At one point, I was playing World of Warcraft 40-50 hours a week. I have an obsessive-compulsive personality, so throw me into a world where you’re given a thousand ‘carrot on a stick’ opportunities for grinding and raiding, then I really didn’t stand much of a chance. I don’t ever regret spending that amount of time on the game; I have fantastic memories of that time – mostly 40- man raid nights – where, as a guild, we had great camaraderie and enmity for one another and what we wanted to achieve… I don’t think I’ll ever experience that level of shared commitment again in gaming or indeed any other medium.
Good things always come to an end. For me it started when World of Warcraft launched its first expansion ‘The Burning Crusade’ and broke up pretty much 95% of guilds on our server (the raiding limit was changed from 40 players to 10 and 25). A lot of really good players and friends left at that time. Like most obsessive Warcrafters, I’ve stuck at the game until Cataclysm, but it has never been the same. To be honest, the format is looking a little dated and tired now anyway – it needs a new direction; it needs to recapture the spirit and innovation of the original.
So, I’ve naturally dabbled in other MMOs, looking for a similar fix. Out of those that I have tried, the Lord of the Rings MMO is probably one of the best in my mind. Turbine did a fantastic job of translating the look and feel of the books… Which is exactly what I had been hoping for, with Warhammer Online. You can’t really get a more detailed and distinctive franchise, steeped in lore and great characters. That MMO should have been the next Warcraft, but for me (and I think a lot of others) it was something of a big disappointment. Age of Conan also.
What MMOs are you currently playing?
None, it might surprise you to hear. That’s really a time issue for me at the moment, but also boils down to the fact that there is nothing out there at the moment that feels innovative and new, or I haven’t already played until my eyes bleed.
There are a spate of new MMOs on the way and I am certainly intrigued by some of these titles. In particular, Guild Wars 2. I like their design approach – the whole idea of immersing you in a world where you feel you have an impact on what is happening around you; something that feels more organic. Warhammer Online tried it with the public quests but they were a bit of a disaster, in my opinion. It sounds like Guild Wars 2 might have cracked it – I’m really excited to experience what they have come up with.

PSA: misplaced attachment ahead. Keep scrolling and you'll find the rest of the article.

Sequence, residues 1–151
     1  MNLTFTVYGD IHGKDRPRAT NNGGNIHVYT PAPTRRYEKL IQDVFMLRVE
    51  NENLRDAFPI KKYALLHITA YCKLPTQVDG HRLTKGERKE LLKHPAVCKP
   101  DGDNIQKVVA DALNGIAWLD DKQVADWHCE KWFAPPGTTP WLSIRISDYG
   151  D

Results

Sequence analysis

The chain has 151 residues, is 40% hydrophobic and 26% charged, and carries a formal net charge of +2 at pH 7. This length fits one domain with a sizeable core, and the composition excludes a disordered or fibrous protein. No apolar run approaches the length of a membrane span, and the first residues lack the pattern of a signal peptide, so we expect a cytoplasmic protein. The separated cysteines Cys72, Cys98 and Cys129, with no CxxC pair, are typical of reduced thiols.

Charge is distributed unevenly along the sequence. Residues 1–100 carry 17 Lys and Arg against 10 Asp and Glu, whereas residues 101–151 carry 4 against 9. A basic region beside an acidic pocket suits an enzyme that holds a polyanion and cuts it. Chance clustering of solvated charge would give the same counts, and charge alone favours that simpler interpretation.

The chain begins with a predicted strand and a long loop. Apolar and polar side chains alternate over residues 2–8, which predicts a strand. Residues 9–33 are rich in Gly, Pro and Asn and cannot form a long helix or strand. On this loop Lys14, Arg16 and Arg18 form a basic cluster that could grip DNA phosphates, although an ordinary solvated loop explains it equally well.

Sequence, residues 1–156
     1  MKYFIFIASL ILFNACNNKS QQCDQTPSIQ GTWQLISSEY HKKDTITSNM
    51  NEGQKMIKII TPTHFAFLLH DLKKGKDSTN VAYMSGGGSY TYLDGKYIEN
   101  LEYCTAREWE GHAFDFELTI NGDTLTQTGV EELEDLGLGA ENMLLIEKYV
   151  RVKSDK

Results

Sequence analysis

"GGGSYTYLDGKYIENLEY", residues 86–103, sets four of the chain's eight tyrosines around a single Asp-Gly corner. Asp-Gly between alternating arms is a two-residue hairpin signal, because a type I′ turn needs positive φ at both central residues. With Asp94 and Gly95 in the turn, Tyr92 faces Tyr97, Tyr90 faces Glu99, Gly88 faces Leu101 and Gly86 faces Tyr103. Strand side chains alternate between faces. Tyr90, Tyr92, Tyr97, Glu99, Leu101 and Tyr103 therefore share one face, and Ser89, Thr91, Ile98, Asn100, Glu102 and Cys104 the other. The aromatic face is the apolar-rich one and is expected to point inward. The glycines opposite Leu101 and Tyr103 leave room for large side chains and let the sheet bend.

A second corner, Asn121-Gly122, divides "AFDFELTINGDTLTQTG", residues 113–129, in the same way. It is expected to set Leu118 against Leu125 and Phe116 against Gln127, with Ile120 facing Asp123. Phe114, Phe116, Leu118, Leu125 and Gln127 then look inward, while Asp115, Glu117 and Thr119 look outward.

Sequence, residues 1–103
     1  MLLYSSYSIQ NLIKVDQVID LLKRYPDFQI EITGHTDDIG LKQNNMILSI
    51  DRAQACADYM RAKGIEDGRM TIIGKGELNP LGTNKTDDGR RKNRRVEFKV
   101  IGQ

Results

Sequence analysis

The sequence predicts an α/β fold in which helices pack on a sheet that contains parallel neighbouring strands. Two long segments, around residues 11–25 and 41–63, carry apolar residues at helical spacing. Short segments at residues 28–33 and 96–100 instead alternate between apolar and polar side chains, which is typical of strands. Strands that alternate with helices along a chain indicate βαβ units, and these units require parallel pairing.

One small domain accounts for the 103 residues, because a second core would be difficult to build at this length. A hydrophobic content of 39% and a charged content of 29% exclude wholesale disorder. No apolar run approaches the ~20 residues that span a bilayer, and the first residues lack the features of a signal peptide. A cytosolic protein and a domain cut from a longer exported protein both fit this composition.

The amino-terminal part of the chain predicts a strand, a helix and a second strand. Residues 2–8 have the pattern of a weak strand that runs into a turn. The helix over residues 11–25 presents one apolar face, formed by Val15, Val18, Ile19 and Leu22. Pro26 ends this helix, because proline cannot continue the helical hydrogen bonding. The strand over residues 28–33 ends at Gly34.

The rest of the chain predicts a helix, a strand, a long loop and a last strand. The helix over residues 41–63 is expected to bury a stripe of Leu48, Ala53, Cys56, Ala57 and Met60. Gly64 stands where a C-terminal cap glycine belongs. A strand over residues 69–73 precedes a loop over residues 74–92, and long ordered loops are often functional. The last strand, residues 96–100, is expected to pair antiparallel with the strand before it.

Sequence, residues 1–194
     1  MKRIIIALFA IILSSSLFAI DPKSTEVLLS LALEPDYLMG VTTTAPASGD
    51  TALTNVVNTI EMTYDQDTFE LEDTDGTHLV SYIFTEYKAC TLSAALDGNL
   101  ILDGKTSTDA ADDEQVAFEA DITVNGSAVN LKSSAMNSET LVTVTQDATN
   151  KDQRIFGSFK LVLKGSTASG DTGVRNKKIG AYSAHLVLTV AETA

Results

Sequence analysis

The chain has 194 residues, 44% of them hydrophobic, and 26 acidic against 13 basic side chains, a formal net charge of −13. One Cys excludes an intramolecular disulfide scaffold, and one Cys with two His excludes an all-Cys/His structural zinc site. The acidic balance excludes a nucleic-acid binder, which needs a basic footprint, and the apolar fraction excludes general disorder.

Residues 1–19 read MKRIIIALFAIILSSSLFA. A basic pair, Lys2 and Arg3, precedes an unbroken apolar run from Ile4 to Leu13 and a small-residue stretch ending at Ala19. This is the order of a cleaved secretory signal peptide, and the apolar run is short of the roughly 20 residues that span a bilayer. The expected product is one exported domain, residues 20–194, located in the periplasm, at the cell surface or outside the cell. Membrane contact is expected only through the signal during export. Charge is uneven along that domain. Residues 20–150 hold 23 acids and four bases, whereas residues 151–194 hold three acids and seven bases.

As someone who obviously appreciates the written word and the art of narrative, do you tend to read the quest text and immerse yourself as much as possible into the story of the game you are playing?
It depends how well written it is and how it is integrated into the game. Let’s take World of Warcraft as an example. I love the game, I love the lore – but really, because the story is presented in such a fragmented way, and often you really just want to get a quest done and move on, there is a tendency to click through quest text and never read it – or scan it in a couple of seconds. As gamers, I don’t believe we want to sit through reams of text. It breaks the flow.
It also happens a lot in RPGs and point-and-click titles (such as Dungeon Siege, Titan Quest, Diablo), where you’ve been slashing and blasting your way through countless mobs, your adrenaline is pumping, you are desperate for a bigger challenge and some better loot and…. <wham> you are hit with a faceless, expressionless npc who seems intent on reciting the whole of War and Peace to you, providing some convoluted reason why his cousins half-sister’s mother needs you to help save the world… again. Inevitably, after a while, you are going to hit the <skip> button.
This, as you might have guessed, is a real bugbear for me. Storytelling should be seamless – it should flow with the gameplay. I think games like Dragon Age and Oblivion do it very well (although there can be a tendency for the whole ‘War and Peace’ scenario to rear its head again – but at least you have voice actors instead of text windows). This is something I am very conscious of when writing DestinyQuest. I don’t believe players/readers want to read pages and pages of background text. If a story is told well, then you shouldn’t be pulled out of the experience. Think of it like screenplay writing; you might get the occasional ‘exposition scene’ in a movie but on the whole, the story is delivered through the main character’s actions – it is all told on the fly. That is why I think First Person games have the most potential for telling a great story; one where you feel it and experience it rather than being told it. Which is also why I do a /facepalm on occasion, when I play a FPS and the story is just so damn awful. You think, what a wasted opportunity. (And yes, Crysis 2 I am looking at you.)
Would you say your gaming experience has had any effect on you as a writer?